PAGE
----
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Research says organic food IS healthier

Date Published: 01/11/2007

A four-year research study has claimed that organic food is more nutritious than non-organic.

The £12million project was run by Newcastle University and is said to demonstrate that organic fruit and vegetables contained up to 40% more antioxidants, as well as high levels of minerals including iron and zinc.

Antioxidants are thought by scientists to cut the risks of cancer and heart disease.

The EU-funded research was carried out by Professor Carlo Leifert and involved farm trials in which organic and non-organic varieties were grown on the same land.

The Newcastle study found that levels of antioxidants in milk from organic herds were up to 80% higher than in milk from non-organic herds.

Prof. Leifert’s team also pulled together the results of other studies carried out around the world.

The research did find that the benefits were not apparent across all varieties of fruit and vegetables.

Richard Jacobs, Chief Executive of Organic Farmers & Growers, said: “This research is very welcome news. What the organic movement has been short of is properly conducted, verifiable academic research to show what many people believe about organic food.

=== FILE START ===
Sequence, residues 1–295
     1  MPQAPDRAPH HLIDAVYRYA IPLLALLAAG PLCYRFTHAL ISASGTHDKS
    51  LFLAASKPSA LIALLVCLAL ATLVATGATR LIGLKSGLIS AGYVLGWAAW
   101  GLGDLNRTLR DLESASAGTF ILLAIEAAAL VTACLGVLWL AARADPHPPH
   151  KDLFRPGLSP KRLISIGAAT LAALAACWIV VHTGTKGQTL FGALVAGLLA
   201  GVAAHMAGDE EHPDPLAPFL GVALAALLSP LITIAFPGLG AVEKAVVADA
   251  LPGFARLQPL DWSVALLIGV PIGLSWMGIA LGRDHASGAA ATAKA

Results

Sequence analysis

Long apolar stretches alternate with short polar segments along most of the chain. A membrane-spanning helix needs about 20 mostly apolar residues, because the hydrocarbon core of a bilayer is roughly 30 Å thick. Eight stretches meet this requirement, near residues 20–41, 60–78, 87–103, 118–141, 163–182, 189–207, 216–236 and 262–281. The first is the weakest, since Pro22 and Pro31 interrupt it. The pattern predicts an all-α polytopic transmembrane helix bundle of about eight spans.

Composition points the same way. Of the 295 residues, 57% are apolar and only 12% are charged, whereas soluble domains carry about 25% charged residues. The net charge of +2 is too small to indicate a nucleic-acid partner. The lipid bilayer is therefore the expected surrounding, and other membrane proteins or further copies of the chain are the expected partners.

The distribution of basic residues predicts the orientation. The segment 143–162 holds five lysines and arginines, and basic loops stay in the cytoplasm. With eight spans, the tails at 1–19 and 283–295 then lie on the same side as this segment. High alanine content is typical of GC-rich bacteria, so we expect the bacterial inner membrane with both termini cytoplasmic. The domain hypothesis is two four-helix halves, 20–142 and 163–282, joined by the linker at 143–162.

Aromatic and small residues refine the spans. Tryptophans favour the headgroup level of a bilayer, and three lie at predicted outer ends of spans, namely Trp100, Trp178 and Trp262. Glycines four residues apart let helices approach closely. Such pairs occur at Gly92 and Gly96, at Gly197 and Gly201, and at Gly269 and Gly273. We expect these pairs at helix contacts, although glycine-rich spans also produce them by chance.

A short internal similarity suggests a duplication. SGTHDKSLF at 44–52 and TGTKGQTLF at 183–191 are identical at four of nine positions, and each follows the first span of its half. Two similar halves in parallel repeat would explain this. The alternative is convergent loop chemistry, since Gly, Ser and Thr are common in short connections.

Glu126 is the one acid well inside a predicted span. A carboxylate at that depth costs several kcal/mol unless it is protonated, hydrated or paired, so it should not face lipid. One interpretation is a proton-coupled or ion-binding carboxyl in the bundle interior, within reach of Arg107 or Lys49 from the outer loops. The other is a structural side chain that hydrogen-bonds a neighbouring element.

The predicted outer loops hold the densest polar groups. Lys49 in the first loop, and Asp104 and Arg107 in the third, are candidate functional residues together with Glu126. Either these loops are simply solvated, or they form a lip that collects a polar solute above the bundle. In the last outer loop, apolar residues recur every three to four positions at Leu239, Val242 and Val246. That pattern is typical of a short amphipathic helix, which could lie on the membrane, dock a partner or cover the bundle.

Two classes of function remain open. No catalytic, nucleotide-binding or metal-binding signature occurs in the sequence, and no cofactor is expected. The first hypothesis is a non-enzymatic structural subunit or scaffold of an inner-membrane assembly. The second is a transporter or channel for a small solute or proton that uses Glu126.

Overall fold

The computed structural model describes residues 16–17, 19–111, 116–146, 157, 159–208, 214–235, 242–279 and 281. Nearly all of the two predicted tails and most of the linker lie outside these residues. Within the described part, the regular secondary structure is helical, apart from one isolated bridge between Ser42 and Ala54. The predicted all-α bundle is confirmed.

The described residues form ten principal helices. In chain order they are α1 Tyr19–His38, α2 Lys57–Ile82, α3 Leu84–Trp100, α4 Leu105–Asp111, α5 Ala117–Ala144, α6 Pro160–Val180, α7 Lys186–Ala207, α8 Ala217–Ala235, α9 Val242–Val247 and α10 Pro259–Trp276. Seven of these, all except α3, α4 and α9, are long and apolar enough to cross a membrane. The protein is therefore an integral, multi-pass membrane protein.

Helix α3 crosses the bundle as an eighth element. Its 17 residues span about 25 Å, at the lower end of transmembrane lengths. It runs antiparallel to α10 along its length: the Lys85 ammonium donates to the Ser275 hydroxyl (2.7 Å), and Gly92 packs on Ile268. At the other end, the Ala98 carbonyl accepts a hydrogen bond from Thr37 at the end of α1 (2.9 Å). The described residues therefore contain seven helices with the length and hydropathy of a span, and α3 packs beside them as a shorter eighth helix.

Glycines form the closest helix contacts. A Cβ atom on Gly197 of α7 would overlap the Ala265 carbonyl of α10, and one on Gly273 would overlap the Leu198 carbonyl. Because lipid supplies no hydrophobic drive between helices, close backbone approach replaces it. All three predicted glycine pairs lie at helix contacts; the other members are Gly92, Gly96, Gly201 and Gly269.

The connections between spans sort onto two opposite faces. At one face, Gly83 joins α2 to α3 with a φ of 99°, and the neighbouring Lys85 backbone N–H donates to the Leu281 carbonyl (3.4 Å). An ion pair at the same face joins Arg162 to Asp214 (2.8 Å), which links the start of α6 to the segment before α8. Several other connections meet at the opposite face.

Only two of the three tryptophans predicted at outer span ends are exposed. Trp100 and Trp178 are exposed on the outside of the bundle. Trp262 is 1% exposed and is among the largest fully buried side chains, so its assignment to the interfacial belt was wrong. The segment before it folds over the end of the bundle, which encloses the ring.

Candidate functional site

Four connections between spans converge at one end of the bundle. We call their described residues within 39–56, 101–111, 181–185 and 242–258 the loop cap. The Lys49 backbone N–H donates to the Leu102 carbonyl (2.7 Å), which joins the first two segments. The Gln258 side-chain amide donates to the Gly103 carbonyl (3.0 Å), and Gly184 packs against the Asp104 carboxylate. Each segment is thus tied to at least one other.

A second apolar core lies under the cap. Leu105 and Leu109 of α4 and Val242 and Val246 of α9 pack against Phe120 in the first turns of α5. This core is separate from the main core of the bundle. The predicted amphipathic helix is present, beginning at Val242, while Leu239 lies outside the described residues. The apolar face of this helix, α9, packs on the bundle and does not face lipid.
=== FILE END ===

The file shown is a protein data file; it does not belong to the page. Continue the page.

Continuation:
“And we shouldn’t forget that organics is not just about the health value of food to humans, but is also concerned with the welfare of animals and the protection and enhancement of our natural environment. Now we are more able to definitively tick all of the boxes.

“We should always be cautious about over-hyping the benefits of organic, but it is very satisfying to have empirical data that should lay some very old arguments to rest.”

Now 33 academic institutions across Europe are examining the data from the study, the full findings from which are due to be published next year.